If a scanned book appears online for pirate download, it's no wonder: someone who had a hard copy just scanned every page.

But there are a lot of PDFs out there that look like official publisher's copy that was never supposed get out of the publishing house. How does this massive centralized nature of book piracy happen?

I assume that scientific books that get published online as PDF ebooks may have been "contributed" to a file-sharing database, but other books, in print-layout are more difficult to get access to in large numbers.

Is something in the publishing chain compromised..? Is it probable that publishers' computers were intentionally infected with viruses for this purpose?

  • I'm not an expert on e-books, but can't calibre convert e-books? I haven't checked how good the produced PDFs look, though. – CodesInChaos Nov 27 '15 at 14:47
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    I would love to know the answer but unfortunately this question has very little to do with SE InfoSec – Ulkoma Nov 27 '15 at 14:47
  • @Ulkoma isn't keeping your files safe related to information security? Maybe something in the publishing chain is compromised..? – Sparkler Nov 27 '15 at 15:03
  • @Sparkler that's a tangential application of security. The question as asked is about publishing and e-book format conversion. As a soon-to-be-author, I can tell you that publishers will pre-release print books on PDF so that it can be reviewed or to generate interest from certain people before publication - that's how they get famous people's praise of the book on the back when it does go to print. – schroeder Nov 27 '15 at 16:22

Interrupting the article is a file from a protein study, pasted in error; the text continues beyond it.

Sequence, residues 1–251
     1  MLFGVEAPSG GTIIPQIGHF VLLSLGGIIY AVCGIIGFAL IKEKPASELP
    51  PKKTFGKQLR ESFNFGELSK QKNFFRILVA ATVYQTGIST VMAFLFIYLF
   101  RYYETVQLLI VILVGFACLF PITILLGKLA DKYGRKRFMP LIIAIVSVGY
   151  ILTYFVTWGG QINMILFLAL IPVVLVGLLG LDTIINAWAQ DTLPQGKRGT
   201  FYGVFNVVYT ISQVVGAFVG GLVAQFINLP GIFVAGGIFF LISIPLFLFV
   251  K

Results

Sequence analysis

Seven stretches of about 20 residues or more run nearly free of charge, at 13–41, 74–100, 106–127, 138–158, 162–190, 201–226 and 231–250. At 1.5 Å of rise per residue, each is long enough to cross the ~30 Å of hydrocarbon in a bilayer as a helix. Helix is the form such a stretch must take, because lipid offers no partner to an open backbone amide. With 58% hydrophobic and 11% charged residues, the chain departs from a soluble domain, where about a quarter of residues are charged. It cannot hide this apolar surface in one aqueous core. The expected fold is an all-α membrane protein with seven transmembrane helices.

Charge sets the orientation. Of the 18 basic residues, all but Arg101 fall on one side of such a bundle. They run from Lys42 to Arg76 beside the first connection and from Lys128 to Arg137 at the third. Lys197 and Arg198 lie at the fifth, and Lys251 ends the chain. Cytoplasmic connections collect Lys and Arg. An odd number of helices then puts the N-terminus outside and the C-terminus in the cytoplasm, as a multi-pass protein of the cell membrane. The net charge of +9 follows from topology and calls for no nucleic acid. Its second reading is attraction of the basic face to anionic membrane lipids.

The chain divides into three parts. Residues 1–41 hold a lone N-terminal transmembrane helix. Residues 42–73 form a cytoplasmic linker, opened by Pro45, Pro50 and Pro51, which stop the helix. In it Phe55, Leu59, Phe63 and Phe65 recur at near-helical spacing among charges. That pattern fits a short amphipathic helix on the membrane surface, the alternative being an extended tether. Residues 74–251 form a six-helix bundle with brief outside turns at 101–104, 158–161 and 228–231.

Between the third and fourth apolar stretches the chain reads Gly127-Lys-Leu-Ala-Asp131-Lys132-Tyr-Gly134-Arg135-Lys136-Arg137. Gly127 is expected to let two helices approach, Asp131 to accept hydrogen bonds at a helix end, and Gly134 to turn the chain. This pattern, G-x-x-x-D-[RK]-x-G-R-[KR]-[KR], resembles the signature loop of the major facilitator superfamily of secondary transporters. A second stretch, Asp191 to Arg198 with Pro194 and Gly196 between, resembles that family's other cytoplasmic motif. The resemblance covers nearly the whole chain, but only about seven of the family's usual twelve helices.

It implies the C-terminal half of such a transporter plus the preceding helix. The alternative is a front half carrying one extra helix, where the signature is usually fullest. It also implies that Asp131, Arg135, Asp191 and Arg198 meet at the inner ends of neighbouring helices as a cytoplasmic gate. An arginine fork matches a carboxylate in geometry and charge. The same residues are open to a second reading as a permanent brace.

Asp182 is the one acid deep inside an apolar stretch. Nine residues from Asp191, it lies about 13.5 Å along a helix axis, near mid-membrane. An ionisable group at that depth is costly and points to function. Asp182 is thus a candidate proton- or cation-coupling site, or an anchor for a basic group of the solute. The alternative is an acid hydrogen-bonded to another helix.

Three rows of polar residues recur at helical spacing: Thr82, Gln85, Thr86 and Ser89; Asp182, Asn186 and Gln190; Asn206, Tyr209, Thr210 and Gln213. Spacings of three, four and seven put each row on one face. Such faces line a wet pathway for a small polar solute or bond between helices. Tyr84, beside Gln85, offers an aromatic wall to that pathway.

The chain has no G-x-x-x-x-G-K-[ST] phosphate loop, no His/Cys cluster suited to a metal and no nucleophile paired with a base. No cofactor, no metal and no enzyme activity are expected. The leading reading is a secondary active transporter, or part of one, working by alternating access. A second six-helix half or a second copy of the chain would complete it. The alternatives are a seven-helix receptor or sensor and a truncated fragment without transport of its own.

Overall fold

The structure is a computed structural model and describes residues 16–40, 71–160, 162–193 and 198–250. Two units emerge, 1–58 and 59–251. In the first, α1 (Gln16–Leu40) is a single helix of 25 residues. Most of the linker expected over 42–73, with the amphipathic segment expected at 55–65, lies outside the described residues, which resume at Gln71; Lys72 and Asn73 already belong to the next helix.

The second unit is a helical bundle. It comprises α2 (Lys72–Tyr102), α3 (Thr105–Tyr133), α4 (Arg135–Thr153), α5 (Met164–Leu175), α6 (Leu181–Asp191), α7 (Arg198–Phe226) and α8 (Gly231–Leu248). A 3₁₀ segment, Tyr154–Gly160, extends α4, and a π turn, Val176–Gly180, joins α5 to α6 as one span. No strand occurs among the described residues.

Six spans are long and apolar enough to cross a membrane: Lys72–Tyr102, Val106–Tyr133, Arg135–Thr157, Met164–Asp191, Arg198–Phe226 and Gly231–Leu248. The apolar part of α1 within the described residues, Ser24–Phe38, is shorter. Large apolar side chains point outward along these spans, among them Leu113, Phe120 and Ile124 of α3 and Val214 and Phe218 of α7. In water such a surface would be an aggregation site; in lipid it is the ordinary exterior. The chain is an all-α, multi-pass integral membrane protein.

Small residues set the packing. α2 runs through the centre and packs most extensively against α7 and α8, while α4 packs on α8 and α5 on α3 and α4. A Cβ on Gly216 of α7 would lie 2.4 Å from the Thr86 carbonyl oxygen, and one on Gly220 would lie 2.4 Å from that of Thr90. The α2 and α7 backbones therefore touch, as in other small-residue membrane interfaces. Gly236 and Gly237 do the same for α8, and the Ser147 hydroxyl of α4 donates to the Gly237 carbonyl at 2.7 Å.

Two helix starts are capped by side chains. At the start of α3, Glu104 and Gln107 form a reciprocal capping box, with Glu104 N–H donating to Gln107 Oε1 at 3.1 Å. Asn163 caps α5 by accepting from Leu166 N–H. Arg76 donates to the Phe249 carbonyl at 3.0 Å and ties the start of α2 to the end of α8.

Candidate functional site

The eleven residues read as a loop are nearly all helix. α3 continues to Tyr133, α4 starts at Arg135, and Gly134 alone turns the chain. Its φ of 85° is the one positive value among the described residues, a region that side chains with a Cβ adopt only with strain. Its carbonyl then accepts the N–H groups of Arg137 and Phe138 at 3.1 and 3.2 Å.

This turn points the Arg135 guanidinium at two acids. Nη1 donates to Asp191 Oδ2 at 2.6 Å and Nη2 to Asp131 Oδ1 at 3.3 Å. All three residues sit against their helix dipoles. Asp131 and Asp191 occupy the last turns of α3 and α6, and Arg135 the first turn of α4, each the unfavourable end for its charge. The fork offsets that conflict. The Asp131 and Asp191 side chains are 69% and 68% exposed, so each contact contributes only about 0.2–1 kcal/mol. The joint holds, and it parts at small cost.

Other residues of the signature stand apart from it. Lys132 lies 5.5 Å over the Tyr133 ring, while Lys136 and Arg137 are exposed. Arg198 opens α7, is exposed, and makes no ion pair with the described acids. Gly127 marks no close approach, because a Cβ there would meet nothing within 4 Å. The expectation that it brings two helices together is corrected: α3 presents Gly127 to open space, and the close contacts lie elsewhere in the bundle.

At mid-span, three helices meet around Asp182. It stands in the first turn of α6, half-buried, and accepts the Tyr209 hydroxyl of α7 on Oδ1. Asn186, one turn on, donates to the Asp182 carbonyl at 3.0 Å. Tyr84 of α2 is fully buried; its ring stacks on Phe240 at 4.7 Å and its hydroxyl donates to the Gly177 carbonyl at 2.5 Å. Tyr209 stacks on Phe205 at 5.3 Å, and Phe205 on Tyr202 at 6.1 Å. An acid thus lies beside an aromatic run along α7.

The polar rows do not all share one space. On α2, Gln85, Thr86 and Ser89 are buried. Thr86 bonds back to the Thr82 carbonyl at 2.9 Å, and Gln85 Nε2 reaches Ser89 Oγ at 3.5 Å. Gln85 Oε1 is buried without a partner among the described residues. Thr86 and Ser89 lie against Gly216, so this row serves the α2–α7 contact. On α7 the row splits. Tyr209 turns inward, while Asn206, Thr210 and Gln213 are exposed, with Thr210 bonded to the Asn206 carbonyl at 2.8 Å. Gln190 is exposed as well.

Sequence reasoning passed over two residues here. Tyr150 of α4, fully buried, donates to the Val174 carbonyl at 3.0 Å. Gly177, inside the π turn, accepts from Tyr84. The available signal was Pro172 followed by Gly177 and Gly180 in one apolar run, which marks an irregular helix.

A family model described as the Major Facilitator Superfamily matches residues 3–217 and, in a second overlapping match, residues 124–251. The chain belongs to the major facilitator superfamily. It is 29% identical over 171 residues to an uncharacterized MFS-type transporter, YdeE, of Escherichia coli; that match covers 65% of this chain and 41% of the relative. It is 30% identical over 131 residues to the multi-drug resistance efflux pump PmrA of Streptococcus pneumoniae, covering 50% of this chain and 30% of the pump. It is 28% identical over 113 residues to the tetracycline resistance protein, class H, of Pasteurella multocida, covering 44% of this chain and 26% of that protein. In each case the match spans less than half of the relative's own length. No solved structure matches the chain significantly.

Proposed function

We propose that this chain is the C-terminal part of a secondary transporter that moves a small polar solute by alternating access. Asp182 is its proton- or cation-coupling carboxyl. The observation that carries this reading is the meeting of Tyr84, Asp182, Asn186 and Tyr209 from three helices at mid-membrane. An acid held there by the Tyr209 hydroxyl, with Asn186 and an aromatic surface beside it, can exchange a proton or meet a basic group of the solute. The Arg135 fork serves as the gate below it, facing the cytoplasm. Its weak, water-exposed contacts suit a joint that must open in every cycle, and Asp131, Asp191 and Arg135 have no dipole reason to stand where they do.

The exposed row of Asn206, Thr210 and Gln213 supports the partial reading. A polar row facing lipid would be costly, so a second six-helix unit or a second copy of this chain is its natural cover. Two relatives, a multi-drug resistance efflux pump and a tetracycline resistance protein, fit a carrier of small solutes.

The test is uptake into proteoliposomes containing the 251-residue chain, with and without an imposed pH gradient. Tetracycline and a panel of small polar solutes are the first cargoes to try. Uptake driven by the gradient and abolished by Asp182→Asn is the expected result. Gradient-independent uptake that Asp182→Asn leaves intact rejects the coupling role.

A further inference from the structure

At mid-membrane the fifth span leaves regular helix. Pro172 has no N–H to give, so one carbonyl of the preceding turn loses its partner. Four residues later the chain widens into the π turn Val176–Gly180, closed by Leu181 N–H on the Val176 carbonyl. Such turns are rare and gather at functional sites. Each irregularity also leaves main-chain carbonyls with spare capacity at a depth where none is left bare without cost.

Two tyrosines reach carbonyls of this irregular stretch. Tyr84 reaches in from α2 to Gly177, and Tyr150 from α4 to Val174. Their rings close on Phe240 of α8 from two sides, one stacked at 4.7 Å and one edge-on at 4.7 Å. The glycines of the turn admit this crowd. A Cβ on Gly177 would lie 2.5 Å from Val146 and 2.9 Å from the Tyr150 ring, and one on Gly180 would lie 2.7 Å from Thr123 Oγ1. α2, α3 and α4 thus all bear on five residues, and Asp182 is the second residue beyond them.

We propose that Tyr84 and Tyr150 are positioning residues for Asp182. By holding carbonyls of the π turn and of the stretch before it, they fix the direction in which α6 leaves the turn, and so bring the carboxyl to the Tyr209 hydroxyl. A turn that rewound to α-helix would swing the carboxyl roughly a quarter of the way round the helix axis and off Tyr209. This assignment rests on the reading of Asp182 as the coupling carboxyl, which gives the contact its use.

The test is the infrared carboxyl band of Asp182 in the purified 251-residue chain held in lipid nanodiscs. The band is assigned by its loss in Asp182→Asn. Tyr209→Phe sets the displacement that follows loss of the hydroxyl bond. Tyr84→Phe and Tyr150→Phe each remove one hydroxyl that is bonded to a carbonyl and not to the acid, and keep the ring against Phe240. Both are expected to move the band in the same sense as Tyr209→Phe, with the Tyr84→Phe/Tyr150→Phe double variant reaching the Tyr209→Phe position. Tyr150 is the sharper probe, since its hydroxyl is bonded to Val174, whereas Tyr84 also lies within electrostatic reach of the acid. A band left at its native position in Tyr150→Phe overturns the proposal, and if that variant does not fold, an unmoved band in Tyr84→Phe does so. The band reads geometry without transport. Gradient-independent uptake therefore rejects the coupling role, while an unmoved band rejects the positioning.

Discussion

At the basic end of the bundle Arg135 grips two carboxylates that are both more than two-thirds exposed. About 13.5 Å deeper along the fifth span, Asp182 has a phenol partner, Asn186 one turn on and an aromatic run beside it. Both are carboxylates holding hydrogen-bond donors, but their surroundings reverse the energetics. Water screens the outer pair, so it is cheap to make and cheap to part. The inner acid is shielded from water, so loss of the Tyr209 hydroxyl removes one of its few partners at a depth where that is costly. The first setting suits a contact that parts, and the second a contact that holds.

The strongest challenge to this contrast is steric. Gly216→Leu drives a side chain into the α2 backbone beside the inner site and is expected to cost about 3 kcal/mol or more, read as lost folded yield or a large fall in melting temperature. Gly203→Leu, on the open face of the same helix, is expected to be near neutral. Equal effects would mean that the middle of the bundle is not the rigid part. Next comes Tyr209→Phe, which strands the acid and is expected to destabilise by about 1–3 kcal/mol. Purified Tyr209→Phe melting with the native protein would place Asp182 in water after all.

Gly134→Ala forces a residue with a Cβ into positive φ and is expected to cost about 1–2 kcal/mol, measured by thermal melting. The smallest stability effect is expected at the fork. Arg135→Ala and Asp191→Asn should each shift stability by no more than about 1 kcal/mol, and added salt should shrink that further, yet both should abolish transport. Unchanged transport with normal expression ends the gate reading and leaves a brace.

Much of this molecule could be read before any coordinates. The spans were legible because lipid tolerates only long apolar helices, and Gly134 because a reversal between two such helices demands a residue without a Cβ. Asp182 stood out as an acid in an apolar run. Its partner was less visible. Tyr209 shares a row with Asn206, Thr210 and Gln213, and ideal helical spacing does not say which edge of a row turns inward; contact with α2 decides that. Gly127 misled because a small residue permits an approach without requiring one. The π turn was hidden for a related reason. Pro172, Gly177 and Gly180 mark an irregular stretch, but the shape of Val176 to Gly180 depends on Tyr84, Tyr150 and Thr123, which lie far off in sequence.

• @schroeder my question has nothing to do with format conversion. From what I know, praises are usually received on a printed draft ("pre-release"). – Sparkler Nov 27 '15 at 16:59

A combination of things could contribute, with a particular book being some/all/none of these, or something else entirely. Here are a few of the ways books could "get out" into the wild

  1. People inside the company selling the books "on the side"
  2. People inside the company taking the book home for personal use and then giving it to a few family members or putting it online
  3. Review copies being sent out and shared by the reviewer
  4. Screenshots of the eBook - if you can display it, you can screenshot it. Like a scanned copy, but without the loss in quality
  5. "Ripping" the book - ie taking the proprietary copy and extracting the contents
  6. Someone hacking into the publisher's systems and taking a copy (possibly from a site providing review copies)
  7. The author releasing a copy (perhaps to friends or family)
  8. Some are simply free
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  • Good points, but they don't seem to support the massive centralized nature of book piracy, imho. In particular, why would samplers unite worldwide in submitting copies to file-sharing platforms? – Sparkler Nov 27 '15 at 15:39
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    They probably don't - they share with a friend, who shares with a friend, who puts it on a website, that somebody noticed and downloads it to put it on file sharing. Most people willing to pirate will give a pirated item to a few friends, and that's how they spread until they hit somebody interested in file sharing sites who adds it there and once it's in that system, it typically stays there. It's not just a bunch of reviewers who love file sharing – Jon Story Nov 27 '15 at 15:49

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